I need to stop it with the impulse sewing

This year I’ve been trying to move into a seasonal rhythm with my sewing and knitting wherein I’m sewing and knitting warm weather clothes in the fall and winter, and sewing and knitting cool weather clothes in the spring and summer. I tried relining my winter coat in late October last year, failed miserably, never figured out how to fix it, and thus proceeded to freeze/wear four layers during the winter for lack of a decent coat. I vowed to do it differently this year, to make things ahead of their season, and I’ve more or less managed to do so.

I started moving on to fall-winter stuff at the beginning of August, with socks and a gigantic, cozy sweater (still in progress — it’s the Linen Stitch Pullover on Ravelry if you’re on there). No sewing, though, until yesterday.

Yesterday I started to make a shirt. At the beginning of making this shirt, I said to myself, out loud, “this is doomed from the start” — and wouldn’t you know it, I was right! Incidentally, I said the same thing to myself at the start of this skirt. It does get tiring being right all the damn time.

Note to self: stop trying to self-draft or copy anything more complicated than an A-line skirt.

I wanted to take my time, to French seam the interior to within an inch of its life, to hand baste the pieces together instead of pinning them. I did all of that, and yet it still failed. I will repeat the reason why it failed, more for my benefit than yours, as I’ve done this over and over again and yet I still keep doing it over and over again: I am not at a skill level where I can self-draft or copy anything more complicated than an A-line skirt.

This was very definitely an impulse sew, a bad habit of mine because my impulse sews almost always turn out poorly. It happened like this: I was drinking my morning coffee, knitting a pair of socks for Alvaro, and listening to the Thread Cult podcast (I just discovered it recently) and the podcast planted a bug in my ear that said: Go sew! I have a shirt that I’m due to make for a friend, but it’s with a pattern (Lou Box Top) that I’ve made twice and I really wanted to do something new. I started going through my small collection of patterns, but the patterns I have are all for summer clothes, or else I don’t yet have the right fabric, or else they’re vintage patterns for someone with a 20-inch waist. I was motivated to sew but not motivated enough to deal with enlarging a pattern. I also went through the two sewing pattern books I have, but it was the same story there. My next stop was my closet, and that’s how I landed on the very bad idea of trying to replicate a shirt with sleeves.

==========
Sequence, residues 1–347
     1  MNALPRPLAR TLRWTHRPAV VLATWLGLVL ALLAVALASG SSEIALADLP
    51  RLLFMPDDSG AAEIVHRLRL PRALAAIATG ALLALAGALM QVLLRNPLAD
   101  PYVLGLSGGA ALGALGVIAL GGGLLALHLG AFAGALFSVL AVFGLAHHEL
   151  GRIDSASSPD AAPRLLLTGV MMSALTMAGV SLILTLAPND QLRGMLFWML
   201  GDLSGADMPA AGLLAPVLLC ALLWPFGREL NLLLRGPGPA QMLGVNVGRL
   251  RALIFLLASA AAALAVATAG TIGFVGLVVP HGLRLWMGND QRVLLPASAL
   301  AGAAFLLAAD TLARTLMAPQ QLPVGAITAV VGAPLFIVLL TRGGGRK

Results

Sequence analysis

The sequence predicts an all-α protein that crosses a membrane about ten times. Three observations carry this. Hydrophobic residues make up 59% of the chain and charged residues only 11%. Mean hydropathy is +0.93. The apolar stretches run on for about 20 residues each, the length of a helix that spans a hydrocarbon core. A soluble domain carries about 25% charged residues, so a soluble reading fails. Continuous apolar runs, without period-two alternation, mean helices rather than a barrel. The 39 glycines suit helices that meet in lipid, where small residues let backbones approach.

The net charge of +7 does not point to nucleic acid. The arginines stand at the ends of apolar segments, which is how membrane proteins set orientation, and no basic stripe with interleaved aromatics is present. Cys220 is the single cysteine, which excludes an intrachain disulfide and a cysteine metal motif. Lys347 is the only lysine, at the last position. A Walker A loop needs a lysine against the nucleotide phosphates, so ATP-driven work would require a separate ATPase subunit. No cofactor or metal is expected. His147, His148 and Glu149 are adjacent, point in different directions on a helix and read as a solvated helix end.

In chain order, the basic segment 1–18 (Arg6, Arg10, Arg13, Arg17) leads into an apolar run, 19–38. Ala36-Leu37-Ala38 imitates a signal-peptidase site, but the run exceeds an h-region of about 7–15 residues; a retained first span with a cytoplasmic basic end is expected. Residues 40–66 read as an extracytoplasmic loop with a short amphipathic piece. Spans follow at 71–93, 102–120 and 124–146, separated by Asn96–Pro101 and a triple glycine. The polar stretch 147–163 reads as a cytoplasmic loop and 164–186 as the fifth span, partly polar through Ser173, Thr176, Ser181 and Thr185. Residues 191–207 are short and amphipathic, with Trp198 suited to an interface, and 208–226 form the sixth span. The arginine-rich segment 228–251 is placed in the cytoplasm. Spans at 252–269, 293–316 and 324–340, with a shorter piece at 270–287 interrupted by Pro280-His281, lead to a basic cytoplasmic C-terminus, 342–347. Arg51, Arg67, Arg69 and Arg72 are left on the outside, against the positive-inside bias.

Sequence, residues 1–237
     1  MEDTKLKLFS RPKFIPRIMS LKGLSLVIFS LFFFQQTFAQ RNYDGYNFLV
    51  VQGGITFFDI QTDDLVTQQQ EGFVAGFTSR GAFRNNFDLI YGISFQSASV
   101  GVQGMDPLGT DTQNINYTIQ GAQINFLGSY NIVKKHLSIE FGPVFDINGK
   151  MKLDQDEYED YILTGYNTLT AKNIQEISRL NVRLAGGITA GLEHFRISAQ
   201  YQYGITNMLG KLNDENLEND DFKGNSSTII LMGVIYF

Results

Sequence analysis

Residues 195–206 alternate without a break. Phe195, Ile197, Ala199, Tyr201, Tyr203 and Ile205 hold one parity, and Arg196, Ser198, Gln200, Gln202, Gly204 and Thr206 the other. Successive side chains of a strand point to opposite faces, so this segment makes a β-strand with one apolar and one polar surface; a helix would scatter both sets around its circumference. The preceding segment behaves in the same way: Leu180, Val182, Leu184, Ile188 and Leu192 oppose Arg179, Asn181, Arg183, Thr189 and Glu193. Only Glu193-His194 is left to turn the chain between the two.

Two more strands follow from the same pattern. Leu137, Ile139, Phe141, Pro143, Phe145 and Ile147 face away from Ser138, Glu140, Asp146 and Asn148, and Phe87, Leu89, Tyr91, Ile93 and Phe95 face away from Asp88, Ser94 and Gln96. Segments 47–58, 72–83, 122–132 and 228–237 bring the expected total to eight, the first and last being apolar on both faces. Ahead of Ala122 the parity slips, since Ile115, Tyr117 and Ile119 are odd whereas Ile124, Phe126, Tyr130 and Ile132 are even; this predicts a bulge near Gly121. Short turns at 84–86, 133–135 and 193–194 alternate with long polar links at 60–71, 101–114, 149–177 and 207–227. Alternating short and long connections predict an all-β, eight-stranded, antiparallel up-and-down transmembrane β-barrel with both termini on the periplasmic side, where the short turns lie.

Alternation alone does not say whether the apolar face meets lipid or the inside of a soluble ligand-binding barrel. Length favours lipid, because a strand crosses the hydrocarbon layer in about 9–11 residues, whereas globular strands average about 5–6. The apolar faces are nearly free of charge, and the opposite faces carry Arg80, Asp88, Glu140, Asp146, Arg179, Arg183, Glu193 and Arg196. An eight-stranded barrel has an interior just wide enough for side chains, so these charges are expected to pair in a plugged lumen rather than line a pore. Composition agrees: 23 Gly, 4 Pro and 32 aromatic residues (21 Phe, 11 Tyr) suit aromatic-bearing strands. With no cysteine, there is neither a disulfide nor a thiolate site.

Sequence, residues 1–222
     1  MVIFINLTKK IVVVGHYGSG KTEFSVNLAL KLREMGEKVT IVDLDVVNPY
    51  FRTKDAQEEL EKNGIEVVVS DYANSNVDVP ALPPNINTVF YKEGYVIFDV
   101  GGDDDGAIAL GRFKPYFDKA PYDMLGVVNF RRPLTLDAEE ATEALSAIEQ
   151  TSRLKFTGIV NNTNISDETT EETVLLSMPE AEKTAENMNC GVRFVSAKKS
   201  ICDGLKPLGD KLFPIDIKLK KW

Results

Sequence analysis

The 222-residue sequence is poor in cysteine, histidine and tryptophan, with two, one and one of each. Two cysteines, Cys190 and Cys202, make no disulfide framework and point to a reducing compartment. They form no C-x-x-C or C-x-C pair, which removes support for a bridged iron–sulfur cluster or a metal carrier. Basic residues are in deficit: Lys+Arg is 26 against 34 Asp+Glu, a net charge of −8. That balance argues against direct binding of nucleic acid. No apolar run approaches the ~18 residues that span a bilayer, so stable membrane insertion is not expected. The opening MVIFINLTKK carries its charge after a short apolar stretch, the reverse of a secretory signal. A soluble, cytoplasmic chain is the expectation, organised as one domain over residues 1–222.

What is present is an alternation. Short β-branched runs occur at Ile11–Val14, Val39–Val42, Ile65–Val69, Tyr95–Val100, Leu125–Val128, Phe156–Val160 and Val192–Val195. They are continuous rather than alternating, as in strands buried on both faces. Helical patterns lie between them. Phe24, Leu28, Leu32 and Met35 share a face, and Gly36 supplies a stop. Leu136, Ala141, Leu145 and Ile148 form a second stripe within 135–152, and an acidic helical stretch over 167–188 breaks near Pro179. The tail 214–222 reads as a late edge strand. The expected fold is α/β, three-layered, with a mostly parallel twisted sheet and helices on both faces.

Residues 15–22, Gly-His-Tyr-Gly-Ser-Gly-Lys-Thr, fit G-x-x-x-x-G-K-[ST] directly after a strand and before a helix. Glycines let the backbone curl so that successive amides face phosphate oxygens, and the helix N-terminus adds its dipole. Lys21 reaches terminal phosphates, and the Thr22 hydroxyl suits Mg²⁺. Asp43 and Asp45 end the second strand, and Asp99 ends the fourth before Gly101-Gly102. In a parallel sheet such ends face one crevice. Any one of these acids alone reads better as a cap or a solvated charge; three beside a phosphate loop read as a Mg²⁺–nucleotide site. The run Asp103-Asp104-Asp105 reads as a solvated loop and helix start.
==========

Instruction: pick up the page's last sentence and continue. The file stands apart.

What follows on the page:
This is the favorite shirt that I picked out to copy:

It’s a slightly cropped trapeze-cut top that I got at a second-hand shop in Boston a couple of years ago. It fits me really well around the shoulders and underarms, and there are no darts so I wasn’t going to have to fuss with trying to figure out how to add them to the pattern. The fabric is kind of stretchy and felty (sorry for the technical jargon) and the fabric I was using for my copy was pretty different — a woven cotton with a slight stretch — but I thought it would work anyway. I’m pretty sure I was right on that actually; the fabric wasn’t the issue, but rather the cut. Or maybe the seam allowances weren’t big enough? I wish I could tell you where I went wrong, but if I knew where I went wrong I would be over at my sewing table right now fixing it.

Luckily the fabric I used is not one I particularly love. It was within the heaps of fabric I bought in Madrid last Christmas. It wasn’t cheap, but it wasn’t particularly nice either. I got it at a small indie craft shop that had mostly quilt fabric, and I really just bought it to buy something. Alvaro and I had taken the Metro all the way to the other side of the city to go to this particular shop because I’d read an online review, and so I felt like I couldn’t walk away empty handed. A silly reason to buy something. After maybe a few minutes of “well, that was a pointless trip,” neither of us would have cared one way or another.

I think I can probably salvage this somehow, turn it into a sleeveless top maybe. I recounted a bit of my escapades to Alvaro and he suggested that I make a quilt out of my projects that didn’t work out. I’ve filed away this excellent idea for down the road. I like the image of rolling myself into a cozy, quilted cocoon of past failures as I wail in frustration at another sewing project gone awry.

All things considered, I don’t feel particularly bad about this. I did learn some lessons about construction, and I got to practice French seaming on more difficult shapes like rounded shoulders on sleeves. Fun fact as an aside — I learned how to do French seams at the sewing workshop I went to during our vacation (volunteering at a castle restoration project in the north of France, another blog post for another day). I had never seen such a thing, and I didn’t even know what it was called in English, but in French it’s called couture à l’anglaise… which means “English seams.” I only learned the English name when I got home and was scrolling through other people’s sewing projects on Instagram. I think this is hilarious and weird, like neither country wanted to take credit for inventing such a magnificent sewing technique.

Another thing I learned: I need to actually plan my upcoming sewing projects, and that means investing in some patterns and warmer fabric (i.e. not thin cotton and cotton gauze, which is all I have). I’m not planning on sewing a whole new wardrobe. I was thinking three pieces: a cape (already have the pattern for that, and it’s going to be obscenely dramatic and I can’t wait), and two undecideds. Here I was, thinking I had leg up on winter because I’m knitting a sweater in August, and actually I have no idea what’s in store for my sewing machine and me.



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